Monday, April 1, 2013
Trulia: Buying Beats Renting Despite Rising Home Prices
By Robbie Whelan
To buy, or not to buy, and instead to rent? That, as ever, is the real-estate question.
Consumers often look to buy-vs.-rent comparisons and indices to make big decisions about housing. So as home prices rise and the recovery progresses, which side is up these days?
Trulia, the real-estate listings and data firm, has come out with a new analysis of this question. The answer? Buying is still resoundingly cheaper than renting, in basically every corner of the country, and you’d be better off buying, unless you: can’t qualify for a low mortgage rate; you don’t itemize your tax deductions; or if you plan to move within two to three years.
That said, buying has become slightly less attractive, when compared with renting, than it was a year ago. In early 2012, buying was 46% cheaper than renting. Today, it’s 44% cheaper. That’s because of rising prices. But falling mortgage rates (Freddie Mac reported Thursday that the average rate on a 30-year fixed-rate mortgage is 3.54%) have reduced the cost of buying, tempering the effect of rising home values. A year ago, for example, the average 30-year fixed-rate loan came with an interest rate of 4.08%.
“Home prices rose faster than rents, but with low mortgage rates, it’s better to buy than to rent everywhere,” says Jed Kolko, Trulia’s chief economist. “What’s surprising is that it’s still 44% cheaper to buy than to rent, despite the fact that home prices are rising.”
Of course, the results of Trulia’s study vary from place to place. In Detroit, where the housing market has been decimated by years of job losses and a painful crash of the subprime lending market, it’s 70% cheaper to buy than to rent. Most of the steepest buy-to-rent discounts are in Midwestern cities, including Dayton, Ohio (64%); Gary, Ind. (63%); Cleveland (64%); Warren/Troy/Farmington Hills, Mich. (63%); Toledo, Ohio (62%); Memphis, Tenn. (62%); and Kansas City (60%).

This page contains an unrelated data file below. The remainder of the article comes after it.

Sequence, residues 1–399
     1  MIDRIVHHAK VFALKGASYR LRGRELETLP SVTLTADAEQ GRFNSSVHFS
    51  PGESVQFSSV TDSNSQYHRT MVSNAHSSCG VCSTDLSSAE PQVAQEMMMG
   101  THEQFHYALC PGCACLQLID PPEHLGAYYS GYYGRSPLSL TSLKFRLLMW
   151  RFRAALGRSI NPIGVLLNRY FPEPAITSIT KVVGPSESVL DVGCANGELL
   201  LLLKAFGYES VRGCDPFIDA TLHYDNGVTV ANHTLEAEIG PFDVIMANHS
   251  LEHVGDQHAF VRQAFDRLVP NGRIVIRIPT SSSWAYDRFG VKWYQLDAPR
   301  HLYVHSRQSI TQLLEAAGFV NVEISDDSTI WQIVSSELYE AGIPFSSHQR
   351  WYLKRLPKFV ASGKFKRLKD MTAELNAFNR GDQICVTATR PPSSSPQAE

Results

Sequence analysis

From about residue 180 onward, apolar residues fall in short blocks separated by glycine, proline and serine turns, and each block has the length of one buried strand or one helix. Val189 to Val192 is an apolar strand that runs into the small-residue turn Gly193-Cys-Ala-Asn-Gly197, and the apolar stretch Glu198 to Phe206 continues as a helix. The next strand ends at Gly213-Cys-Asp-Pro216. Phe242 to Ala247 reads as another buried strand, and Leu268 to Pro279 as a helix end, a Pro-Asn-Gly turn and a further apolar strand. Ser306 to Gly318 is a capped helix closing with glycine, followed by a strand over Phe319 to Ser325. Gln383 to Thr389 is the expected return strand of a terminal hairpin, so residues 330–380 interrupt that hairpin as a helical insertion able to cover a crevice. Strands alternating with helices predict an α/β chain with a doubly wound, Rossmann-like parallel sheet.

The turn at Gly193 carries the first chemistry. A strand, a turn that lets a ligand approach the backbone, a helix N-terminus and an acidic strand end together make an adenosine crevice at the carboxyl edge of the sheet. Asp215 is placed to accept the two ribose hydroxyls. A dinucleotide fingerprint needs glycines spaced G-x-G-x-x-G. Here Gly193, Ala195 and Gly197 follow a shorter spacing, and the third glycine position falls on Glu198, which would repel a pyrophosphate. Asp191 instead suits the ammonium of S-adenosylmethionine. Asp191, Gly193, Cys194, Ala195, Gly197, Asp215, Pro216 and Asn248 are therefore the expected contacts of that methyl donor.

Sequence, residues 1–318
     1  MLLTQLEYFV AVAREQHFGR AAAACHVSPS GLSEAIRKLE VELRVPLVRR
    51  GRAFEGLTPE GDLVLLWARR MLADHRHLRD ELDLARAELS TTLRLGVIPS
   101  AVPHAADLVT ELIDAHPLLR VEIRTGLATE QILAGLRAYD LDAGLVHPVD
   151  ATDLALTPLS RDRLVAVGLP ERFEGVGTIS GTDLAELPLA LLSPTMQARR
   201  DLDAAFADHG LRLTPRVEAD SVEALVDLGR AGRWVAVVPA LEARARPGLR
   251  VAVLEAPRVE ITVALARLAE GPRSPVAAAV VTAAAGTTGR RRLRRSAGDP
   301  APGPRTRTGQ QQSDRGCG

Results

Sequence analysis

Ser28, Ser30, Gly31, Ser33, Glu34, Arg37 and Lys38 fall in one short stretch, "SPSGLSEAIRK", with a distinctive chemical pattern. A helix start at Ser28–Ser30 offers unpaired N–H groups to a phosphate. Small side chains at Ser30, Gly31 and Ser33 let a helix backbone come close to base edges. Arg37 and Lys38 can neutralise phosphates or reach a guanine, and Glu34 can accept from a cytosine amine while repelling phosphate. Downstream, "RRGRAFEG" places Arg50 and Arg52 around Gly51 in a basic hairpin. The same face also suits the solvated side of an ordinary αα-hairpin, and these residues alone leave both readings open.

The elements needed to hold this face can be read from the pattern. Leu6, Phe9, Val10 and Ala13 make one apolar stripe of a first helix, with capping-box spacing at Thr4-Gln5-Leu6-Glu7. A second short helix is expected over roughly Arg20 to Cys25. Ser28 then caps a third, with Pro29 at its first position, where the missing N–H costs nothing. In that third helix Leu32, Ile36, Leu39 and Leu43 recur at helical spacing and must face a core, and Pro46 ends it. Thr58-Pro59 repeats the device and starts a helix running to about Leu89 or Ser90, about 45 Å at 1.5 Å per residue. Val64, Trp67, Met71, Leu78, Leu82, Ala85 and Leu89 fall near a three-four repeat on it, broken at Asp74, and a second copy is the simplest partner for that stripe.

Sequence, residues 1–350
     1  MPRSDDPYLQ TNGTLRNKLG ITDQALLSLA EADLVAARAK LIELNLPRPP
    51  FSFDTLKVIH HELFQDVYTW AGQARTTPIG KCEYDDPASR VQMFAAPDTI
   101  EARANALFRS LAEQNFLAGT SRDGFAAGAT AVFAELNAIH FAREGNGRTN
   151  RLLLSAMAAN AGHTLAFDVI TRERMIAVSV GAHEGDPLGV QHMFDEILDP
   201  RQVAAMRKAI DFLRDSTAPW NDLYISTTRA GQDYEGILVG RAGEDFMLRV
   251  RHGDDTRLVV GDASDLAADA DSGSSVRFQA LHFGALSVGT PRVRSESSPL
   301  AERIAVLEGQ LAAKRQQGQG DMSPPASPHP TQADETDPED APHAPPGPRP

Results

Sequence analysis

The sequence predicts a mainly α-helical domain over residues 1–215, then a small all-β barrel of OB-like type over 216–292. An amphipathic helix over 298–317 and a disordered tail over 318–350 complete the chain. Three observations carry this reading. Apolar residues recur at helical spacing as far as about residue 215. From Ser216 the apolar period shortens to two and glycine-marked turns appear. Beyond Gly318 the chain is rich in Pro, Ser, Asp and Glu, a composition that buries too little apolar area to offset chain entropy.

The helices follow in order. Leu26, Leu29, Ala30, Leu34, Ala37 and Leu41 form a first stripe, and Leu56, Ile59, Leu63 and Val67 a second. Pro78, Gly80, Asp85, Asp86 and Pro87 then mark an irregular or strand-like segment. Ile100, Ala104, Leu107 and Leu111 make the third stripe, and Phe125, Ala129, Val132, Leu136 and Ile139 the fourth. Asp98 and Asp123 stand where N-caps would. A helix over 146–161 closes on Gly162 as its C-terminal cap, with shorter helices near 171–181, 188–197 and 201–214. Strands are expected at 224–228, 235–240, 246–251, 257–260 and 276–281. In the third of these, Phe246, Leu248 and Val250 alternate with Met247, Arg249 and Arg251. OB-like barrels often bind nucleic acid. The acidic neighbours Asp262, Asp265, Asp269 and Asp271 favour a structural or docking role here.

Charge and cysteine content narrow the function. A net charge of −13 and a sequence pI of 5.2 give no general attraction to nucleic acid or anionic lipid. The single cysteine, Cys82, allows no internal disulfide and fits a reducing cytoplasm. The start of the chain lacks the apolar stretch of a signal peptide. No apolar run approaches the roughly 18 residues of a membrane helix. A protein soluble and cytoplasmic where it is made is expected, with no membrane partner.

Buying is least attractive compared with renting in coastal markets, where supply is constrained, home prices are recovering quickly and home values are traditionally quite high. San Francisco leads the pack in “unaffordability” of for-sale property versus rental property—the discount to buying vs. renting is just 19%. It’s followed by Honolulu (23%), San Jose (24%) and New York City (26%).
San Francisco is a more nuanced case, however. A year ago, buying was 35% cheaper than renting. The reason for the dramatic drop, according to Mr. Kolko, is the surge in new construction. As the Journal reported, housing starts continued to rise in February. Although most of the monthly gains were in single-family housing construction, markets like San Francisco have mostly seen construction of multifamily rental buildings, rather than one-family homes.
For Buying or Selling, it helps to have a guide that gives you straight answers. For more information on buying, selling, or renting out an income property in San Diego, please call Frank Rashid's cell phone at (858) 676-5250 or email him at firstname.lastname@example.org. More to follow within the next couple of weeks.